Snacks: Guidelines for healthy habits
When my children come home from school, they are starving. I want to give them a snack, but I also don't want them to ruin their appetites before dinner. What is the best way to handle this situation?
Unless you serve dinner very early, your children do need a snack after school. To meet their nutrition needs, children need at least one healthy snack every day. After school snacks tend to be more supervised than other snack times, so this is a good opportunity for you to improve your children’s nutritional intake. Unfortunately, lack of planning for this snack often leads to kids eating whatever they want after school, likely filling up on non-nutritious foods and ruining their appetites for dinner. When chosen wisely, an after-school snack can nourish your children enough so they can last until dinner but not provide so many calories that they aren’t hungry at dinner time.To do this, follow these guidelines:
- Establish an “ask for food” policy. Children should not have free reign of the refrigerator and kitchen cabinets. They should be required to ask before eating, which enables you to decide if what they are asking for is an appropriate snack.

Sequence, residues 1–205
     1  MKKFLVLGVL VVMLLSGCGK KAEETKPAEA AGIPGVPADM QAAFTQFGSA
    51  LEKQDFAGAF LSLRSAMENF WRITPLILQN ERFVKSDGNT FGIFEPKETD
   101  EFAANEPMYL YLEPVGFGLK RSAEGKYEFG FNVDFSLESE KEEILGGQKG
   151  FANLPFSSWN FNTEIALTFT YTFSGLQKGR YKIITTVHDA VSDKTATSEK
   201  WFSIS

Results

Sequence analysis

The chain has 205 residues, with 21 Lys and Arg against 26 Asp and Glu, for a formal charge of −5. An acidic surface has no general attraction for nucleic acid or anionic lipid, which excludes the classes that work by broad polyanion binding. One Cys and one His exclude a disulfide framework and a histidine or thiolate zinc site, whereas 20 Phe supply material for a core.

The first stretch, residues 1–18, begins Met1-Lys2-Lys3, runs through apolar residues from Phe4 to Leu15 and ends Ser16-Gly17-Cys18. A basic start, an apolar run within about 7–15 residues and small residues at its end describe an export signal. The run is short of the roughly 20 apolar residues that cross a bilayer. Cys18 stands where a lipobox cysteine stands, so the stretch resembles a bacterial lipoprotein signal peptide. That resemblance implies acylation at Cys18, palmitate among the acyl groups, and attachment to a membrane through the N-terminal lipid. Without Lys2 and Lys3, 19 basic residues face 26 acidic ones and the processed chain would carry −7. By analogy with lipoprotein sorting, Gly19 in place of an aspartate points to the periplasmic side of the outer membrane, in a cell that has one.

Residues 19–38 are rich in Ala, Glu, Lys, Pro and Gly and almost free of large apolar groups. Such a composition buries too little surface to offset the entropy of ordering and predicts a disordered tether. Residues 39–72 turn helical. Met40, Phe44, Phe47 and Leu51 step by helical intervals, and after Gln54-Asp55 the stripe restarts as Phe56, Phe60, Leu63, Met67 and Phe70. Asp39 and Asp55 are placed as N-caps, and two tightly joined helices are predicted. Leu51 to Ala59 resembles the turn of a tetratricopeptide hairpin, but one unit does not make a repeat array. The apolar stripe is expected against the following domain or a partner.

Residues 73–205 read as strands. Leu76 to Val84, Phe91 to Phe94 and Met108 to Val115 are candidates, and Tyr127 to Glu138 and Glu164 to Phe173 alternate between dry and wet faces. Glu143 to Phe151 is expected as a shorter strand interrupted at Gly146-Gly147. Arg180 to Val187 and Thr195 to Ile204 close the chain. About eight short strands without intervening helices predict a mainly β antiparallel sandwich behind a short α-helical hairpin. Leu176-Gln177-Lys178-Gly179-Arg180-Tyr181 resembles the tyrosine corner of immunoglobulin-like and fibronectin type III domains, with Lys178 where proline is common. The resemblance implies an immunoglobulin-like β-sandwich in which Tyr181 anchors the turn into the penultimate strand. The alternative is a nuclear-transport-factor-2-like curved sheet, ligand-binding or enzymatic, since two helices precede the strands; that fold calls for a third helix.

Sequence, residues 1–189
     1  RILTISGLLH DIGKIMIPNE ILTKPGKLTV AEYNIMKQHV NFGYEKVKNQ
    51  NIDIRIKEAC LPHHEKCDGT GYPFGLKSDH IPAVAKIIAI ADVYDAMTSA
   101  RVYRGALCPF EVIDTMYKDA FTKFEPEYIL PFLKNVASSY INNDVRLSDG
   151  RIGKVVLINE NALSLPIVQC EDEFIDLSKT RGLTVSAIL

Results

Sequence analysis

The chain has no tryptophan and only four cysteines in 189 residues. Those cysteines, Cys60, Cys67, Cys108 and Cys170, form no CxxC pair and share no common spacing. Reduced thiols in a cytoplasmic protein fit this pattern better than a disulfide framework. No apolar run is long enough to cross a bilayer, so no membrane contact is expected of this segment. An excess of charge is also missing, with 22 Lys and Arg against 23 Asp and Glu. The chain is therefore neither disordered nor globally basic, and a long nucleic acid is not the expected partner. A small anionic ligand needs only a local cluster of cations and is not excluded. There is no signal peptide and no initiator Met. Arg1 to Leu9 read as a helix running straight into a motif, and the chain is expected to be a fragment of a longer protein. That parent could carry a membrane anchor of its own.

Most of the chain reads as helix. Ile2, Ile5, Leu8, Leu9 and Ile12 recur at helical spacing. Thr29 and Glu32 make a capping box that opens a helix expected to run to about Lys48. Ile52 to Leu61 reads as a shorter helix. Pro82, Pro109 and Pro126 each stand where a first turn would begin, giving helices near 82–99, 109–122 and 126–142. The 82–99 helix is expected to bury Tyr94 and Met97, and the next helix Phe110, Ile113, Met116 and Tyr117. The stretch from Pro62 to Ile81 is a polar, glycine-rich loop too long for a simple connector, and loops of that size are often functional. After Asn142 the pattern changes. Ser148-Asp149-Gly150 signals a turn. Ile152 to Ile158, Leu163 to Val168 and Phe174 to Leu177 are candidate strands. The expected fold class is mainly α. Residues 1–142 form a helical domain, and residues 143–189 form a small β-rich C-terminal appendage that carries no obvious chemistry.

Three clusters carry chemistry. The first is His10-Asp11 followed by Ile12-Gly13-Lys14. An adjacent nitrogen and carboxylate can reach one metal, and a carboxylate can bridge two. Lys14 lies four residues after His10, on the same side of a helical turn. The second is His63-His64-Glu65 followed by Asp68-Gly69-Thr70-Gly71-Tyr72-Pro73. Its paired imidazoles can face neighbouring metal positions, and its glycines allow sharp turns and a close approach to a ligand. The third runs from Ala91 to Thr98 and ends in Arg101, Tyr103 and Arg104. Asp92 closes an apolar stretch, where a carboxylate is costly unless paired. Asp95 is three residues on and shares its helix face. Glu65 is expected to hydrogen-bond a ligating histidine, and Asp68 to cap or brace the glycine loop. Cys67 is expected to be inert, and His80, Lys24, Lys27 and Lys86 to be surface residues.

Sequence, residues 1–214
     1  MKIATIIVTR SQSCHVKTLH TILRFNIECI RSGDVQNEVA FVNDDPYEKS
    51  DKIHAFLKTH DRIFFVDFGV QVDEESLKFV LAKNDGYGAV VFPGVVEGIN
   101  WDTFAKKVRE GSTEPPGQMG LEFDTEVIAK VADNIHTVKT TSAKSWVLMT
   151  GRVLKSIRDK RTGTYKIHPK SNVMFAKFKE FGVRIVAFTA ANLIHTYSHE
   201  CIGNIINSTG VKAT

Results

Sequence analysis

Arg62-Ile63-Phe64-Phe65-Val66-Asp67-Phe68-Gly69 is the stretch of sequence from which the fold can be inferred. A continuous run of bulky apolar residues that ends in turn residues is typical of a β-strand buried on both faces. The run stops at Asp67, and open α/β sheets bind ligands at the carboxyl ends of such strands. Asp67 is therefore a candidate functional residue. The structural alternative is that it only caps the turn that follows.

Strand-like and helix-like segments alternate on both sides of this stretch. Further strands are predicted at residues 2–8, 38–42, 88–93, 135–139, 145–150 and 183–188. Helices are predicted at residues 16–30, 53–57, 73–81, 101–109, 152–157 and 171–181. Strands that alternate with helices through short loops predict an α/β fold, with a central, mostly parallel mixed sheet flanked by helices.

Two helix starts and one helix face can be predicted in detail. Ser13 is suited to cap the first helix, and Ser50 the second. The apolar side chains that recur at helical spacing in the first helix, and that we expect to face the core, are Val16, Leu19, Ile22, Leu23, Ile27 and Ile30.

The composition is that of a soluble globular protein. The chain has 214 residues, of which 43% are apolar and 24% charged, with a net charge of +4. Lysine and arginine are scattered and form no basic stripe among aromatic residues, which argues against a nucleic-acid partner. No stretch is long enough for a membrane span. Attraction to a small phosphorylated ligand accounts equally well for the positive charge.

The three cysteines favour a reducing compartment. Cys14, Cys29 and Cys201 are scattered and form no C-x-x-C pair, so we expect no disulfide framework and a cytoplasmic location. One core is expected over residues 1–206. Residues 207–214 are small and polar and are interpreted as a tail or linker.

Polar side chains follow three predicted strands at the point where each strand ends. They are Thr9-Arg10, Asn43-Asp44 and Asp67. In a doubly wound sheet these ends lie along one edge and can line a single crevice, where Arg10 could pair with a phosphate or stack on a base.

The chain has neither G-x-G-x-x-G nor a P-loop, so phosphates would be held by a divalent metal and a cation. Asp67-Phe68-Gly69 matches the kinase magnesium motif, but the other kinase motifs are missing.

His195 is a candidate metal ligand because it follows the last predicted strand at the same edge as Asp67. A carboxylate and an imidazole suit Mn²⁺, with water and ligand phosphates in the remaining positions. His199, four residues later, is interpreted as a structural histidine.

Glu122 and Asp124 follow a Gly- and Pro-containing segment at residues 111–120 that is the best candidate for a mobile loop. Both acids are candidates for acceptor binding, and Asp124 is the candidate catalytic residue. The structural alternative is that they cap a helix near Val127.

- Establish an official snack time. If the kids get home from school at 3:00 p.m., make snack time 3:30 p.m. When snack time is over, they can move on to the next planned activity, such as doing homework or playing outside with friends.
- Plan the snack ahead of time. Be ready with a few healthy snack choices that you know your children enjoy and set them out upon their arrival home from school. They can choose to eat one of the offerings or wait until dinner.
- Designate a special place where you want your child to snack. Somewhere in the kitchen that is free of electronic distractions is preferable. When children are distracted, they continue mindlessly munching after they are no longer hungry. (This is true for adults too!)
For more information on healthy snacks for kids see 5 Tips for Getting Your Kids to Eat Better This Summer and Making Fruits and Vegetables Fun to Eat.
|Erica Lesperance, RD, LD
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